Documentary film “Wildcat”, which is currently available on Amazon Prime, left me with mixed feelings. On one hand, it is supposed to be about how one troubled vet reached for his mental healing via fostering ocelots in the middle of the Peruvian Amazon, and it certainly interests us as presenting a series of intimate moments observed from its main human subject’s solitary efforts in the jungle forest. On the other hand, it also tries to be the direct and honest presentation of mental illness, and there are a number of very uncomfortable moments which do not mix well with the gentler (and cuter) part of the documentary.
The documentary mainly revolves around Harry Turner, a young British vet who has struggled a lot with post-traumatic stress disorder (PTSD) and other mental issues caused by his battle experiences in Afghanistan. After coming back to UK, Turner had a pretty hard time as often failing to adjust himself to normal life, and that was the main reason why he subsequently volunteered to go to a certain remote spot in the Peruvian Amazon. Quite comfortable with being totally isolated from the outside world, he worked as a member of one non-profit organization, and, what do you know, it turned out that he is very good at handling those rescued wild animals.
Along with his girlfriend Samantha Zwicker, a young American ecologist who is incidentally a founder of the organization, Turner began to work on an ocelot named Khan, and the early part of the documentary focuses on how eagerly Turner took care of Khan in many aspects. At first, we see him simply treating Khan like a little pet cat, but then we observe how he helped Khan adjusting more to the jungle environment outside their shelter. For example, there is one interesting moment showing him teaching Khan a bit on how to hunt for itself, and he certainly looks proud as Khan seems ready to be released several months later.
However, something unfortunate occurred on one day. Khan happened to be injured seriously by a booby trap installed by somebody, and, despite Turner and Zwicker’s efforts, Khan eventually died. Understandably devastated by this tragic incident, Turner became quite morose and depressed for a while, and that certainly made Zwicker concerned a lot about her boyfriend’s mental health – especially when she had to leave for her academic works in US.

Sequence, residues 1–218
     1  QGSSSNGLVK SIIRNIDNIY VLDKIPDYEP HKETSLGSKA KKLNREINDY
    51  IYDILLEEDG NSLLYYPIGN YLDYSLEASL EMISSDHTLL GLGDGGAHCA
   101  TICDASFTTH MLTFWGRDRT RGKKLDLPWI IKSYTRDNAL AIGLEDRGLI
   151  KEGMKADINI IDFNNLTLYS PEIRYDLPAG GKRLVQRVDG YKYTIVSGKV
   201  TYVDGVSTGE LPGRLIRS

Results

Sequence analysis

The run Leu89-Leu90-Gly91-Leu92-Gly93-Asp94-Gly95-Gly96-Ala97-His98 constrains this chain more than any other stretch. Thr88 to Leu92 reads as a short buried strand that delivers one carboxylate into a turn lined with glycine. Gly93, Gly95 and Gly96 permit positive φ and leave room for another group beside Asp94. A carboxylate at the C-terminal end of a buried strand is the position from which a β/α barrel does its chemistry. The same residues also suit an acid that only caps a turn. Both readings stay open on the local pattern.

Some time later, Turner came to handle another ocelot to take care of, and, what do you know, this ocelot, which is incidentally named Keanu, came to enliven Turner much more than expected. Based on what he experienced and then learned from handling Khan, he handled Keanu with more care and attention, and Keanu showed considerable progress besides growing up a lot during next several months.
Eventually, there came an inevitable point where Turner had to make Keanu more separated from him than before, and that was where Turner became very conflicted about what would happen next. While he surely felt much better than before as spending lots of time with Keanu, he was also well aware that he must let Keanu go as soon as possible, and it seemed that Keanu also sensed his growing hesitation. For example, it did not leave the shelter as much as Turner wanted, and that certainly made Turner frustrated more and more.
This ongoing conflict of his also affected not only his mental health but also his relationship with Zwicker. During one very disturbing moment, we indirectly observe how much she felt helpless and frustrated as he was showing usual signs of depression and suicidal impulse, and then we later get to know more about her toxic relationship with her frequently abusive alcoholic father, which is probably the main reason why she tried to stand by Turner as much as she could. Because she cared about him just like she cared about her father, she thought she could handle her boyfriend’s mental issues, but, not so surprisingly, she came to recognize that she must distance herself from him for herself.
The documentary does not hesitate at all as looking directly into Turner’s personal demons, but the result is rather blatant and heavy-handed at times while also lacking wider perspectives beyond Turner’s or Zwicker’s. They surely came into the jungle for their commendable cause, and they seem to find a vocation to which they may dedicate themselves for the rest of their life, but that does not change the fact that they are more or less than privileged white persons searching for the spiritual healing by the Mother Nature. As a matter of fact, we do not get to know much about any of the local members of their organization or any of those local residents living there, and the documentary actually seems to be more interested in what Turner’s family experienced during their brief visit.
Directed by Melissa Lesh and Trevor Beck Frost, “Wildcat” is a fairly solid documentary which will surely appeal to you as a story of personal healing just like Netflix Oscar-winning documentary “My Octopus Teacher” (2020), but I am not sure about whether the documentary works as well as intended. Sure, you may be charmed and touched by many nice moments observed from those rescued wild animals, but I must tell you that, even at this point, my mind keeps coming back to what W.G. Sebald once said: “Men and animals regard each other across a gulf of mutual incomprehension.”